Why would a service like this be a 'good fit' for the Indian market? With English literacy levels low, a huge chunk of population struggles to communicate using SMS as a medium. SMS is complicated for this user segment. Handset manufacturers tried fixing the problem of English language by introducing SMSes in more languages than English, so that the users can send messages in Indian languages like Hindi and Tamil but that is a little complex. In addition, we also have a large chunk of literate users like senior citizens who are not very comfortable in using a mobile handset, and consider a voice call as the most convenient mode of communication.
Since the urban market for mobile phones in India is near saturation, the rural market will provide the next big wave of growth. Voice SMS, though was marketed by operators like Airtel and Vodafone as a product with a huge potential as it could address a need for subscribers in the suburban belts, has not seen the take rates that were expected.
One of the key reasons that voice SMS in India is still not so successful here because India is a price sensitive market. With call rates falling and the introduction of per second bill plans, subscribers would prefer making a call with the cost of a few paisa rather than spending money on SMS. Voice SMS is no different. As of now most of the operators have kept voice SMS at a price point of 75 paisa, and this need to become more competitive so that the operators can effectively exploit the full potential of the service.
The history of VAS application that have been a hit in a market like India shows that the Indian subscriber welcomes products and services that are simple to use and integrated in the call flow of making a regular call. CRBT-the killer VAS application in the last few years-is a case in point. This is the only service in India that has achieved a greater than 20% subscriber penetration across all the operators.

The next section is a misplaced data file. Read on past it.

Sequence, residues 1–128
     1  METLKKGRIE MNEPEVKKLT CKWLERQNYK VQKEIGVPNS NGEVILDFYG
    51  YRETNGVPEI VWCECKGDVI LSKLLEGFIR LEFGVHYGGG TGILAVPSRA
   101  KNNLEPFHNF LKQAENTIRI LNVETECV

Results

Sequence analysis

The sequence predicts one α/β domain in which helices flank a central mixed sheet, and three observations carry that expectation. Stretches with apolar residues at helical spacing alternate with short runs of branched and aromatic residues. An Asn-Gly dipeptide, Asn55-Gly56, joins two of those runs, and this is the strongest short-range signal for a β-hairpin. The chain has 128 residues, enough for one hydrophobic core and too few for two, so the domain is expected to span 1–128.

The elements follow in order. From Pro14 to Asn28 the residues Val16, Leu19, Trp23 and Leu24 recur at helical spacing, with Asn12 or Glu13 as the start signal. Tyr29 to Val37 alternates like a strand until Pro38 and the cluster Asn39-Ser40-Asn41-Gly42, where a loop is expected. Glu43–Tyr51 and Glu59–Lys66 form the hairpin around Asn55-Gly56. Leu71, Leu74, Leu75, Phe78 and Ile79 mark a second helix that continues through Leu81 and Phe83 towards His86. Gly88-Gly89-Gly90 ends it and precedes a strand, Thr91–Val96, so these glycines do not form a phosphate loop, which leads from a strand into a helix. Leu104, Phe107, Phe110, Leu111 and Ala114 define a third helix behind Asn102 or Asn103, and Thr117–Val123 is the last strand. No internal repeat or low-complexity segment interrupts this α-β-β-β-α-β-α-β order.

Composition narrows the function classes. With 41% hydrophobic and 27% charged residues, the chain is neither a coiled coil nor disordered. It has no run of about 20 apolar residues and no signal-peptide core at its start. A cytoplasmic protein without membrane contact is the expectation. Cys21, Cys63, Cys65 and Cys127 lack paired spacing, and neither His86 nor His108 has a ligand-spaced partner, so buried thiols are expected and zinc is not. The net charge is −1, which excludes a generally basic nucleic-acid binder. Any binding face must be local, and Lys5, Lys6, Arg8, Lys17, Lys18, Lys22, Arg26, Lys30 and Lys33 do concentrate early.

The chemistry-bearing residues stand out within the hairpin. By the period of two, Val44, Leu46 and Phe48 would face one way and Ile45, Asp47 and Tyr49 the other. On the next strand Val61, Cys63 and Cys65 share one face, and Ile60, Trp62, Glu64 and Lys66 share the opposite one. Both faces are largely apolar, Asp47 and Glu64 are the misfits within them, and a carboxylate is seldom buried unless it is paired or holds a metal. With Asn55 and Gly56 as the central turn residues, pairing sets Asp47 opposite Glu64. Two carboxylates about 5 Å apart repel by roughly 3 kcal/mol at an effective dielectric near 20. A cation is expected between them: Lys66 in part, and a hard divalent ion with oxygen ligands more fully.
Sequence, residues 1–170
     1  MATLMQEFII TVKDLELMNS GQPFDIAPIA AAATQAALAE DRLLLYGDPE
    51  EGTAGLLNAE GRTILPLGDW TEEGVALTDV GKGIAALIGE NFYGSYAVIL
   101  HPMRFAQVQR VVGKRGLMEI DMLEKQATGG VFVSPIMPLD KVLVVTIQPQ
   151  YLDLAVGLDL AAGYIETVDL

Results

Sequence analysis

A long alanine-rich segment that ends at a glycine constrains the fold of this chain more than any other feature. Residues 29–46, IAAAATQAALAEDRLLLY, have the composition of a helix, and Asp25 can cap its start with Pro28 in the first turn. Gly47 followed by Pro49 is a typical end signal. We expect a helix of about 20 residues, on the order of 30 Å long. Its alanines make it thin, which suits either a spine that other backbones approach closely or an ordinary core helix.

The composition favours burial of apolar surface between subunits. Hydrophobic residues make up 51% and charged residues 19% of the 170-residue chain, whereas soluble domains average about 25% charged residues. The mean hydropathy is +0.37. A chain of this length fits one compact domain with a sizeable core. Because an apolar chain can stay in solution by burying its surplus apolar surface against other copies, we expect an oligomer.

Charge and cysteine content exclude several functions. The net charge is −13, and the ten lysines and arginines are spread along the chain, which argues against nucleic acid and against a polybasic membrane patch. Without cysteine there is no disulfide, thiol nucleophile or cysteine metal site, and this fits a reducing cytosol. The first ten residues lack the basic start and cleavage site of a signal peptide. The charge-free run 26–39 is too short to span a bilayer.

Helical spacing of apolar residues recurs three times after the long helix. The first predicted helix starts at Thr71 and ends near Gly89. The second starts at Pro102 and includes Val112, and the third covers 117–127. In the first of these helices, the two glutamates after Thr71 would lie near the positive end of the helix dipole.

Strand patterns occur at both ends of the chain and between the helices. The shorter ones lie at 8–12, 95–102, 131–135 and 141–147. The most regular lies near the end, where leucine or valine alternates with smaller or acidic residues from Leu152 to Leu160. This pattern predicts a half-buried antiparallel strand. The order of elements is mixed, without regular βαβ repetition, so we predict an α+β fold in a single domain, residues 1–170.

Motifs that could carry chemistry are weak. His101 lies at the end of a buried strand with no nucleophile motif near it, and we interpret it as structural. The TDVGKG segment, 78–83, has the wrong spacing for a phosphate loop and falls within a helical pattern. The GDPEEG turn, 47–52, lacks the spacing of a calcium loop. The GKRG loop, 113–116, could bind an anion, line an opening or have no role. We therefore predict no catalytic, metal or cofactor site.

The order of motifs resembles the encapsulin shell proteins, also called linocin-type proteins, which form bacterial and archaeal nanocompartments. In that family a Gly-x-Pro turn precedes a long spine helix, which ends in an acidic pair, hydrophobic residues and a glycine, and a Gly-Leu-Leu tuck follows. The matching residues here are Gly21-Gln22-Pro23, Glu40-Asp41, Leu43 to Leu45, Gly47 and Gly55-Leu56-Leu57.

Going by this logic, the success of a high potential service like voice SMS also depends on the simplicity and ease of use from a subscriber perspective. The current voice SMS services being offered by the operators wherein the subscriber needs to dial * and a number and record the message, is still quite complex for the user segments that we are talking about. Telenity's solution, for instance, is based on an integrated technology where a subscriber is given the option to record a message in case a voice call is not completed (a person does not answer a call, is busy or out of coverage area). This integrates the service in a standard call flow of making a voice call and if priced competitively to a voice call as has been done by the operators in Africa, its penetration and usage will see a sharp rise. This also enables a much higher call completion by the operators and a big spike in their revenue.
Currently voice SMS as a service is not widely used in our country but the opportunity is huge. There is a massive suburban, rural subscriber base that uses only voice services. They use the phone only to make calls. This enables them to communicate and get their message across in all conditions. In a hyper competitive market like India with plummeting tariffs, the key question is not if this service will see mass adoption but by when will this happen.
The operators need to apply the learning from other emerging markets and price the service appropriately so that the non-VAS savvy subscriber segment can benefit from this service.
Telenity Voice SMS Solution
The above table showcases the revenue potential for operators through a voice SMS solution wherein a subscriber uses the service in case a call cannot be completed. It is an additional source of revenue for operators in case a voice call is not completed.source